Charger with In-Built Battery -Some hiking and outdoor solar panels come with batteries built in. Smaller solar panels are usually more like portable batteries with limited solar charging capability.
What your solar panel will connect to plays a major role in how effectively you can use it. Most panels in the hiking and camping size range use standard USB plugs. This allows you to plug them directly into batteries.
As panels grow larger they’re more likely to use a solar specific connector such as an MC4 or Anderson plug. These help prevent damage to sensitive electronics by ensuring only devices suited for direct solar charging are connected to them.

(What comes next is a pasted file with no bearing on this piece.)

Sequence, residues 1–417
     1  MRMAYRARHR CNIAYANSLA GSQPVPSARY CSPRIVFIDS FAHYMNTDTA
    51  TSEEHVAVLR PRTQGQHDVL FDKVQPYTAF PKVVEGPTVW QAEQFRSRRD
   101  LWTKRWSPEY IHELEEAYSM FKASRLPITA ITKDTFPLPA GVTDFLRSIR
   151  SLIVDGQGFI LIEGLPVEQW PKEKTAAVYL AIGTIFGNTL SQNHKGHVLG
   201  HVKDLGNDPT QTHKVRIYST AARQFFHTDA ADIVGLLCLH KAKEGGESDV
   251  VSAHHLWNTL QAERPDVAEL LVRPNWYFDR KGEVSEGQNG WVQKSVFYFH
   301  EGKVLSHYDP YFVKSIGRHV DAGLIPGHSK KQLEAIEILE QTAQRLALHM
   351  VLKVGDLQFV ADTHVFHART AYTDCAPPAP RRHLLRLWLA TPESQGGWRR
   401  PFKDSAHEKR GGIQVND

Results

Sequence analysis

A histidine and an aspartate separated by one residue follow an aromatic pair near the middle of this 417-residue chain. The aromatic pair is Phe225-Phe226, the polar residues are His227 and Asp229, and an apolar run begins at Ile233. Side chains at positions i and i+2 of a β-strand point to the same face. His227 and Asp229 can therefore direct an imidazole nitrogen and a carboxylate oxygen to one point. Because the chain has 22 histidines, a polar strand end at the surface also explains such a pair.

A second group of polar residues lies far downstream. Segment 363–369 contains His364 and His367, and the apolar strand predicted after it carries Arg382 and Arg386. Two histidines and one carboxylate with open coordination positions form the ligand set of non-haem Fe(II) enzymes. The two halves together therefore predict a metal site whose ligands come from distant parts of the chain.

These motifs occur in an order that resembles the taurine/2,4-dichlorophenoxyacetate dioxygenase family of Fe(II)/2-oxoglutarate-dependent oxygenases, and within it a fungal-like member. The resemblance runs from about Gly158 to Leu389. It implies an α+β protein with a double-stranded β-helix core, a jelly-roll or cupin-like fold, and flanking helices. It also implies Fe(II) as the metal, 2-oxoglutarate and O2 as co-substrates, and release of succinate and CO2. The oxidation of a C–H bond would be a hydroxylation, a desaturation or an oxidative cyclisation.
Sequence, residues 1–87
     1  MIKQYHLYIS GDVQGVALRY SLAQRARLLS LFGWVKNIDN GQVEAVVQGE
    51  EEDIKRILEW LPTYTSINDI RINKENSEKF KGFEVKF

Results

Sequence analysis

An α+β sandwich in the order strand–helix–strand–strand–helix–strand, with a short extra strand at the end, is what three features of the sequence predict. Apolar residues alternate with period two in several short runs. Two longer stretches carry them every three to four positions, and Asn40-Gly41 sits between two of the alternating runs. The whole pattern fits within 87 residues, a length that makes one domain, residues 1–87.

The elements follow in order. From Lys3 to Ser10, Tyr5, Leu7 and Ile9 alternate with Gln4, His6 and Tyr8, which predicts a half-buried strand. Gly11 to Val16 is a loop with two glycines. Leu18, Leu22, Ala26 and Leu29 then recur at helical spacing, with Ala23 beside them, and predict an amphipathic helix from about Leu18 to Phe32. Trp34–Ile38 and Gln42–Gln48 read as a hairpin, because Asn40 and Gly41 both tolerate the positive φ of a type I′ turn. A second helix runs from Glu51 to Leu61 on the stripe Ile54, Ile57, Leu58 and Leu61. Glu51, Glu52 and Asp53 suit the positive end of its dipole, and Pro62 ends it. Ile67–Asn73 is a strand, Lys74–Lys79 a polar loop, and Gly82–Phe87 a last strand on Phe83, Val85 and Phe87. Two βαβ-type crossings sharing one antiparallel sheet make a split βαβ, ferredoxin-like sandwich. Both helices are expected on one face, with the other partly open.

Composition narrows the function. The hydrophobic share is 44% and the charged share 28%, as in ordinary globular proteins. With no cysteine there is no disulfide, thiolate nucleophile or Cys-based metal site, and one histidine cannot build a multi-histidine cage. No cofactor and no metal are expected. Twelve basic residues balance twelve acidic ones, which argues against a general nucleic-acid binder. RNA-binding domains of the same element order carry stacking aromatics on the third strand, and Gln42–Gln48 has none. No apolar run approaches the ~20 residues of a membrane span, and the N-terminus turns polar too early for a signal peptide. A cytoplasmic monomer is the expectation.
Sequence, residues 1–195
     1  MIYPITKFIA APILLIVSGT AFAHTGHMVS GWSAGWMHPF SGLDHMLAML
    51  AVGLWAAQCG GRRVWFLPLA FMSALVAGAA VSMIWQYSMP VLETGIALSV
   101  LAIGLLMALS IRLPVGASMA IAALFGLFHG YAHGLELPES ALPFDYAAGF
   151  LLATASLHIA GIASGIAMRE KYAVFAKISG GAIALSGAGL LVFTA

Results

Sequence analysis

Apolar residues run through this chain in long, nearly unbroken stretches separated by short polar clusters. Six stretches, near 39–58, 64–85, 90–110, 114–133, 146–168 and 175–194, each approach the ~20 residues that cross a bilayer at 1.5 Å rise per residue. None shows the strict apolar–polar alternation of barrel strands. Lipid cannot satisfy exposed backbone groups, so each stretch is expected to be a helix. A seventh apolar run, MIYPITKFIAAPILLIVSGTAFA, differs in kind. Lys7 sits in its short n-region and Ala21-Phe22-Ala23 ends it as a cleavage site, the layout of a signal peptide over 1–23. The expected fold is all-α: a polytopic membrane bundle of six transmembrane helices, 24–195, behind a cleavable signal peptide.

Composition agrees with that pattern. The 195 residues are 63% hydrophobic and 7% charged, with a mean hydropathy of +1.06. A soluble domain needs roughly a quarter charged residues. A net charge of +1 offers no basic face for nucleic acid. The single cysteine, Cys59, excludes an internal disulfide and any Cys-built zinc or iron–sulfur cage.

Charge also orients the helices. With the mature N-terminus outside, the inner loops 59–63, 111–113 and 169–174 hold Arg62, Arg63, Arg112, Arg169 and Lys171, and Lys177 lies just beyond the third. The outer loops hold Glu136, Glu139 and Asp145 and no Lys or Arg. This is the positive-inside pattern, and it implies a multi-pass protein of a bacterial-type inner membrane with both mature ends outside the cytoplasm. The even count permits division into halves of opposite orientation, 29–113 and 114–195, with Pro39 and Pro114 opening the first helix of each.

Water Resistance and Durability
One of the greatest things about portable solar panels is their high level of reliability. They’re electrical equipment but are entirely sealed against the elements. As long as you protect the actual connector from prolonged exposure to water there’s little risk of damage from rain or accidental immersion.
Durability wise it becomes more muddied. Hiking panels are usually encased in either a hardened housing or some kind of ruggedized fabric. This allows them to stand up to the elements but can’t totally protect them.
The nature of solar panels means there is a sheet of glass or hardened plastic that has to be exposed. If you drop them the wrong way, accidentally bend them or stand on them there’s a very good chance your panel will crack.
A single crack can effectively eliminate the usefulness of your panels.
Types of Solar Panels